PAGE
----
What is stress

Stress can be defined as a strain. A strain on someone’s body or mind, caused by an environmental stressor. A stressor being something in our environment that causes the strain.

We all experience stress in our lives. Whether we are an athlete, a performing artist, a stay-home mom, an entry-level or mid-management employee, a self-employed or the CEO of a large corporation, we all have to deal with stress. The reason is that our modern lifestyles just generate a lot of stress. To name a few stressors: family responsibilities, deadlines, commuting, workload, job security, relationships, etc.

Let’s be honest, Stress can be a good thing. There is good stress and bad stress. An example of good stress would be the stress that increases motivation, pushes to efforts towards achieving a goal. We see that in sports, in athletes preparing for events;  in student studying for an exam; or, in the workplace, employees involved in timely scheduling of appointments or meetings, in preparing presentations, compiling documentation etc. In these examples, the stressor of the approaching deadline and the strong desire to succeed, might increase the drive and energy of the person involved toward achieving/delivering. The stress in our organism is then the response to the environmental stressor (i.e the meeting, the competition, the document to submit, etc.). It’s good stress.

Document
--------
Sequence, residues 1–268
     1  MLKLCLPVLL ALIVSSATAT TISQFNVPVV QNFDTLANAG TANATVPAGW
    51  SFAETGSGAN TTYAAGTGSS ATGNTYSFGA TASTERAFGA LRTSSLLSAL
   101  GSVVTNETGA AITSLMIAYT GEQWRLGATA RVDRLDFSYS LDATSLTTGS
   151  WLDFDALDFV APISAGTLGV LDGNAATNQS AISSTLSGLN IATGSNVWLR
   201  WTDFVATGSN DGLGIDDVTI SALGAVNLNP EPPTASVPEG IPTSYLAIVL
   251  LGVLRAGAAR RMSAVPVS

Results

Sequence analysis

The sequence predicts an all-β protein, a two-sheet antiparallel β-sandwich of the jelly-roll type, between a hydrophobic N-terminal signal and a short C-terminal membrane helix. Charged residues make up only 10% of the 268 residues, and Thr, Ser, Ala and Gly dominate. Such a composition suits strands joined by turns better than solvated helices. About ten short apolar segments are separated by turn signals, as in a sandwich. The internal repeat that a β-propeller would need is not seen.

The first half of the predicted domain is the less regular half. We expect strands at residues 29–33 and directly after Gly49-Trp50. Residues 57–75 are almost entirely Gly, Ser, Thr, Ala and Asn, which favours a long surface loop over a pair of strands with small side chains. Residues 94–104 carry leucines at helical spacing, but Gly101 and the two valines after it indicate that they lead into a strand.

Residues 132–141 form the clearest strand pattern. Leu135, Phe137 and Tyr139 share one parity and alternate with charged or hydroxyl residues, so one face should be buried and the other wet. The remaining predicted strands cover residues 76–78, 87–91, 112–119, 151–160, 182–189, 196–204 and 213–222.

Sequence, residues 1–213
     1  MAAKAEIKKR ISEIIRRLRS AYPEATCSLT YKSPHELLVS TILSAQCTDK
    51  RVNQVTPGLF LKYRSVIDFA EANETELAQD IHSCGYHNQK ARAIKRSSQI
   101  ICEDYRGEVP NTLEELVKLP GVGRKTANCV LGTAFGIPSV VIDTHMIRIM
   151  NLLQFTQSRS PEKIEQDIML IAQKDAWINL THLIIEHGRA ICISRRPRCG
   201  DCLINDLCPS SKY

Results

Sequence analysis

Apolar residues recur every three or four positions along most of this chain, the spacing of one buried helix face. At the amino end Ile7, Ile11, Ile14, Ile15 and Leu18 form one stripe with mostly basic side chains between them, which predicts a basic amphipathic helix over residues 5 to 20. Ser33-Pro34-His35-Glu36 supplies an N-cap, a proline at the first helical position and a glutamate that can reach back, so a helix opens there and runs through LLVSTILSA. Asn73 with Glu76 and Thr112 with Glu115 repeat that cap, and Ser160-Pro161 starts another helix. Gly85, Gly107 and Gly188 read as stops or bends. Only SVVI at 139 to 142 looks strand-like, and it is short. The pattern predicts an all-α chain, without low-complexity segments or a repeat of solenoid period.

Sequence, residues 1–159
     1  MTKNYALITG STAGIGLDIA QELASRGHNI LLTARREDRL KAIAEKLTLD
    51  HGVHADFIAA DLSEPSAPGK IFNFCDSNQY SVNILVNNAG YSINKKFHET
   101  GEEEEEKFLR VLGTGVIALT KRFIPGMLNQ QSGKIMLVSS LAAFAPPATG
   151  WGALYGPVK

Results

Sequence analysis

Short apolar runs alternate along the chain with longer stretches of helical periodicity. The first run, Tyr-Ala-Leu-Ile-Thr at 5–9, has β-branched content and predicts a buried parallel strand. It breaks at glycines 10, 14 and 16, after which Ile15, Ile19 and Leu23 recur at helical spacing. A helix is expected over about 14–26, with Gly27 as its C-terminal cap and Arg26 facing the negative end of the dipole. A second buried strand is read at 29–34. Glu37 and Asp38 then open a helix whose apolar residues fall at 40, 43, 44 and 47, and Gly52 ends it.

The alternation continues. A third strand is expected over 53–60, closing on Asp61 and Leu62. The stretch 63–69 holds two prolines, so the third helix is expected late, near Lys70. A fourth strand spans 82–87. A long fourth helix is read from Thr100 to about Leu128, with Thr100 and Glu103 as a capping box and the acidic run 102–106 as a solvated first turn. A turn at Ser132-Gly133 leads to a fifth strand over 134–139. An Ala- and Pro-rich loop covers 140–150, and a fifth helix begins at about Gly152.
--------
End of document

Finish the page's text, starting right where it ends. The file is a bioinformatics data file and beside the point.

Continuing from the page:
It is the long exposure to stress, however, that becomes harmful to our body and needs to be addressed. If left unchecked, stress can become very harmful to our body systems, as we become over-stressed.

Some Consequences of Stress

Some consequences of stress may be observed at the individual level as well as at the corporate level.

At the individual level — The over-stressed person may experience:

  • Bad mood
  • Weight issues
  • High blood pressure
  • High cholesterol
  • Onset of heart disease
  • Mental & physical fatigue
  • Depression

to name a few.


At the corporate level: — companies may be faced with:

  • Lack of motivation
  • Less productivity in working employees
  • Higher turnover
  • More sick days paid
  • Higher insurance premiums
  • Weak team-building mentality; strained employee relationships
  • Decreased energy and vitality in the workplace
  • Lack of positivity; negative attitude; lack of synergy in the staff,
  • Etc.


That is why stress reduction becomes important, as well as the need to develop a plan to achieve it. Individuals as well as companies should put in place mechanisms that help them to respond daily to the stressors and lower their levels of stress.


Coping with stress

Let’s see how people cope with stress at an individual level, and at the corporate level.

(to be continued…..)

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